Recitative (Fr. récitatif; Ger. Rezitativ; It. recitativo)
- Dale E. Monson,
- Jack Westrup
- and Julian Budden
(Fr. récitatif; Ger. Rezitativ; It. recitativo)
A type of vocal writing, normally for a single voice, with the intent of mimicking dramatic speech in song. In practice its nature has varied widely by era, nationality, origin and context.
Dale E. Monson and Jack Westrup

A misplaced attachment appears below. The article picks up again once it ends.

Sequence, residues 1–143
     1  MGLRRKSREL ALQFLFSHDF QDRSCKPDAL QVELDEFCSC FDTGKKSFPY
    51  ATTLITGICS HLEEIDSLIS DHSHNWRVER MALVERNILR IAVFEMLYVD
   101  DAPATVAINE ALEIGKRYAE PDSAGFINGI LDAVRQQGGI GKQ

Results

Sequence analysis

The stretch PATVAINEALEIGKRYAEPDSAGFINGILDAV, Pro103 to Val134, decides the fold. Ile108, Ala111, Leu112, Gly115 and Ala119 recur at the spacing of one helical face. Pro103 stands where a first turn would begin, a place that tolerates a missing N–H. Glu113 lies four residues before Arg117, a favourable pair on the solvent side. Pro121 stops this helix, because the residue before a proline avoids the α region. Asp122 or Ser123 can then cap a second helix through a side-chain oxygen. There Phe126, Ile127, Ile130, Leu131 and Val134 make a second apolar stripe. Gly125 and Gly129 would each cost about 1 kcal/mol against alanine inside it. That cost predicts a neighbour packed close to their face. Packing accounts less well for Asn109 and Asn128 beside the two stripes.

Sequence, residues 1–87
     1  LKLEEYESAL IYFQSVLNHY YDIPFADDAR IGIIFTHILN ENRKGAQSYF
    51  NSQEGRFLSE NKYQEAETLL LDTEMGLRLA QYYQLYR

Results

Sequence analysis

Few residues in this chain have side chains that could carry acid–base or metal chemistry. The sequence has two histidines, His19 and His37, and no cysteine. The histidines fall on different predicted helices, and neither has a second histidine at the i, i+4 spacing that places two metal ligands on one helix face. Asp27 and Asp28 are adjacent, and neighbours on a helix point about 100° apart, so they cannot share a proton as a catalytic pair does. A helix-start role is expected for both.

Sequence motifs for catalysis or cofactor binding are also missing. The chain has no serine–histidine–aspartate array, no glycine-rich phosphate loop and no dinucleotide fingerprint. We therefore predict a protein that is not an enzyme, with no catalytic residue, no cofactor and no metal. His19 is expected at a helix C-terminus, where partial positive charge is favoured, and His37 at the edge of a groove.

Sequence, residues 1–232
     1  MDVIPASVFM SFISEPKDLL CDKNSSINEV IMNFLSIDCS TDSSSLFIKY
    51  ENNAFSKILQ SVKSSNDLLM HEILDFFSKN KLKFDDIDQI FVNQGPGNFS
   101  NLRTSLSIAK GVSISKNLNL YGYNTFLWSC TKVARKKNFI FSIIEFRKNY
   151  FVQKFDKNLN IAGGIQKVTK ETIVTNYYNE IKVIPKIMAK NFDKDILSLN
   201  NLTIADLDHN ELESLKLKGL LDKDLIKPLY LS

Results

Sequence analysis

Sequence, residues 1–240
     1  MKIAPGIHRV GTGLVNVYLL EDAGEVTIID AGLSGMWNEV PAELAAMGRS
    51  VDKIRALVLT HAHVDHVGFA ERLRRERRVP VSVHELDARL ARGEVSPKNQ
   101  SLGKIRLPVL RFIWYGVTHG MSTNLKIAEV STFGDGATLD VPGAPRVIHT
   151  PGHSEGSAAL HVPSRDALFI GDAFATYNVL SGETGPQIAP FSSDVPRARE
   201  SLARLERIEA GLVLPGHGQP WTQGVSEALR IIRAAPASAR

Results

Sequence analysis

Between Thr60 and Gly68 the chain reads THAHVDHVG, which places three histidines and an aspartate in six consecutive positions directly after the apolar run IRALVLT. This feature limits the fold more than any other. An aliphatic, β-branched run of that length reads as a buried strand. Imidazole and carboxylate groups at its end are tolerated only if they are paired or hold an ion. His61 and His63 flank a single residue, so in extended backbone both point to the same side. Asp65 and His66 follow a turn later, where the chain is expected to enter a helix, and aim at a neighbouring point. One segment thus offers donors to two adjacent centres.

Recitativo is properly an adjective. As a noun, short for stile recitativo, it occurs as early as 1626 (Domenico Mazzocchi, La catena d’Adone). It derives from the verb recitare, ‘to recite’, which was also used in the 16th century for vocal performance, for example in Baldassare Castiglione’s Il libro del cortegiano (1528), where the phrase ‘cantare alla viola per recitare’ occurs. The liberalization of poetic forms and blank verse in late 16th-century Italy fostered approximations of the affects of dramatic speech through pitch and rhythm in many different places and circumstances. These attempts, by groups such as the Florentine Camerata, had a number of typical traits: the text was generally not repeated, the rate of harmonic change varied with the affect of the text, an overall slow harmonic rhythm unfolded over a generally static bass line (which gave the impression of declamatory freedom, though chord progressions were still clearly derived from the madrigal), the poetic accents were reinforced by harmonic change, and particularly affective passages or individual words were often supported with strong dissonance (another madrigal borrowing). These sections were not initially known as recitative, although this is implied by Agazzari (...